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Crescent wing obsolete, why?

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Some of you may know I have a soft spot for the Handley Page Victor.




Anyway this superbly menacing 50s V-bomber had a wonderful crescent-shaped wing. A few months back I watched this video of a film by Handley Page extolling the virtues of such a wing planform:


So how come the "simple, unassailable aerodynamical logic" leading to the use of the crescent wing became obsolete or surpassed by straight swept wings? Obviously we are talking high subsonic speed aircraft here i.e. airliners, not mach 2 fighters.



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I'm not an aeronautical engineer, but the Victor was designed in the 50s, most likely by hand using only extremely primitive computers. As the field progressed, more research was done, and computers allowed for more accurate modeling than ever before, refining what was thought of as "simple, unassailable aerodynamical logic" in the past. Still, looking at some wing profiles like that of the 737 ( or CRJ-200 ( it looks like some very basic elements of the Crescent Wing may have been incorporated (they are not simple, straight swept-back wings). Personally, I'd love to see a more detailed explanation of exactly why the Crescent shape is not used anymore.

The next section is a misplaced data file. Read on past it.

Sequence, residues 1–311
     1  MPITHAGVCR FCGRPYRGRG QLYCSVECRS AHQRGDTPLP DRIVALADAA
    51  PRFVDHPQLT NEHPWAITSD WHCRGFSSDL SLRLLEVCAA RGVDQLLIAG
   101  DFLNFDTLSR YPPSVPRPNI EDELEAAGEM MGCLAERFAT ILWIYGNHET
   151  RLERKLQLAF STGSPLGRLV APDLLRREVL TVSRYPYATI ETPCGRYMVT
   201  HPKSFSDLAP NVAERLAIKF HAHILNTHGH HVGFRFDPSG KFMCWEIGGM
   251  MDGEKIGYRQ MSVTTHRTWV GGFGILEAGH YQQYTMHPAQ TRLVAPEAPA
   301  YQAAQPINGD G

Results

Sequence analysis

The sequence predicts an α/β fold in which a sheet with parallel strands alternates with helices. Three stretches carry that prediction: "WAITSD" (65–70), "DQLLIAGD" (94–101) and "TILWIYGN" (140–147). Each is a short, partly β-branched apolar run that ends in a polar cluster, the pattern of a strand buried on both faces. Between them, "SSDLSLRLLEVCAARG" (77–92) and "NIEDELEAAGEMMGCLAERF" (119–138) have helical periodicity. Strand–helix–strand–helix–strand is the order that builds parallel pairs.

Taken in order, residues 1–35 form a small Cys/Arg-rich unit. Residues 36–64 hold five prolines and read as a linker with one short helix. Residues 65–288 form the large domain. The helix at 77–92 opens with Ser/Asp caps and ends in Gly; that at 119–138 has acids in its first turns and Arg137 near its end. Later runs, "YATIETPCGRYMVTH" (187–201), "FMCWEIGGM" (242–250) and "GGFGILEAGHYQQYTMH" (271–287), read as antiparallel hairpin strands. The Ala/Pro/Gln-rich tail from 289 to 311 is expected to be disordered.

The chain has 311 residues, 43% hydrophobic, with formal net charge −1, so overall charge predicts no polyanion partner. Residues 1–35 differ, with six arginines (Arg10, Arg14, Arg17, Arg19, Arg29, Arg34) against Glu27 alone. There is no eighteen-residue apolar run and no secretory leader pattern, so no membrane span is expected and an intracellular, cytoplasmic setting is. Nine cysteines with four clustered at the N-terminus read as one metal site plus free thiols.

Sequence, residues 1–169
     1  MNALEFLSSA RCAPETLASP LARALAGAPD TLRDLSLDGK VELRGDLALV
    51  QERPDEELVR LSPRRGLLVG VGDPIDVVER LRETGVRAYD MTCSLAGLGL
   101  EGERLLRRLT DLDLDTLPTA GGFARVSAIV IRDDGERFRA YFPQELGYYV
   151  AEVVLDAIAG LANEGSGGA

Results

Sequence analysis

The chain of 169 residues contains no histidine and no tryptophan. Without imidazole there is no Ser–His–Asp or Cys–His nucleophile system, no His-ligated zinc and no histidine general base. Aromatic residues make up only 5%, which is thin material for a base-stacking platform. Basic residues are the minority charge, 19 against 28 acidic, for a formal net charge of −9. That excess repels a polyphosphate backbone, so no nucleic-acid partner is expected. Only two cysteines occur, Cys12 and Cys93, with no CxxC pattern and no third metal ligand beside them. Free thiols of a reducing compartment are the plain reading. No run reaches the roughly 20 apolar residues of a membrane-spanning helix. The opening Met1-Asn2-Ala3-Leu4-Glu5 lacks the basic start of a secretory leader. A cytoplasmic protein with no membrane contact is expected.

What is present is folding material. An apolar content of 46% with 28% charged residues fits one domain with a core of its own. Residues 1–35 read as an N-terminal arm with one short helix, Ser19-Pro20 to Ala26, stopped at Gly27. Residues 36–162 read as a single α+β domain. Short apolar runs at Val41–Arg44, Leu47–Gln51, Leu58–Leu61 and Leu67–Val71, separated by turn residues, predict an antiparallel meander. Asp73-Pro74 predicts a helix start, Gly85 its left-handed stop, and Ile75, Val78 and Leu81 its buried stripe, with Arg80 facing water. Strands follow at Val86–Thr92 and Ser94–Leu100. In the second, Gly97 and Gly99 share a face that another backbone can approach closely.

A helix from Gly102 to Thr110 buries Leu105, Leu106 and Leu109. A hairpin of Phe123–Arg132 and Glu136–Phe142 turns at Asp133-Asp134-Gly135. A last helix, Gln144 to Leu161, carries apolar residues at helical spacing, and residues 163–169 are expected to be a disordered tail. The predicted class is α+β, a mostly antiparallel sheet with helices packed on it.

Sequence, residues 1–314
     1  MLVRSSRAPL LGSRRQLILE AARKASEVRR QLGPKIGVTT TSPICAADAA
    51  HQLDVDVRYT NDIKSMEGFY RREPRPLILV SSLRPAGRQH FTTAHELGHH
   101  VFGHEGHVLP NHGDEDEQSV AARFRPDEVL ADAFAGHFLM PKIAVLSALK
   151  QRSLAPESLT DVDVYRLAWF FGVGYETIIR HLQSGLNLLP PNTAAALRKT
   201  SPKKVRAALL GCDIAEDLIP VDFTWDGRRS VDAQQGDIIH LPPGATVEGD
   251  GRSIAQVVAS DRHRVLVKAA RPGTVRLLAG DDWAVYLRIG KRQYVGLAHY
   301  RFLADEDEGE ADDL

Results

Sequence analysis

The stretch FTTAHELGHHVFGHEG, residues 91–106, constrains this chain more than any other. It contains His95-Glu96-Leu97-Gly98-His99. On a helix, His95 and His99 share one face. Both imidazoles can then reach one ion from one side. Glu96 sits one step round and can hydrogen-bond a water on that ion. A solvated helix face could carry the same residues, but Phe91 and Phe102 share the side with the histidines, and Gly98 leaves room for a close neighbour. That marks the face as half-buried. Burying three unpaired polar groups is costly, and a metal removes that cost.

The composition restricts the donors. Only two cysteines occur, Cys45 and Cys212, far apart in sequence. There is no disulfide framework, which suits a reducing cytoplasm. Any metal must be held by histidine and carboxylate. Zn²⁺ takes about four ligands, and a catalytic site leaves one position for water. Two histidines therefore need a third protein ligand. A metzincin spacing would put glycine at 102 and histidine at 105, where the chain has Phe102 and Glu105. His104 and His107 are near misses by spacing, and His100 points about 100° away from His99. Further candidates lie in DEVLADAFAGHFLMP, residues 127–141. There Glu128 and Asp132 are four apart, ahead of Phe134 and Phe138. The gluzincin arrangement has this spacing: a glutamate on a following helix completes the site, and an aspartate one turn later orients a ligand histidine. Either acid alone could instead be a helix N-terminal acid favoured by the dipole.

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That's an interesting subject. Maybe the crescent wing has structural (heavier?) or manufacturing (costlier?) disadvantages?


Also, from the '60s onwards there has been a great advancement in the design of supercritical airfoils, that were basically non-existant when the Victor was designed.


So maybe the same effect (constant critical Mach along the wingspan) can be more easily achieved using different supercritical airfoils along the wingspan.

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I think the crescent shape is now on the trailing edge of the wing but less pronounced.

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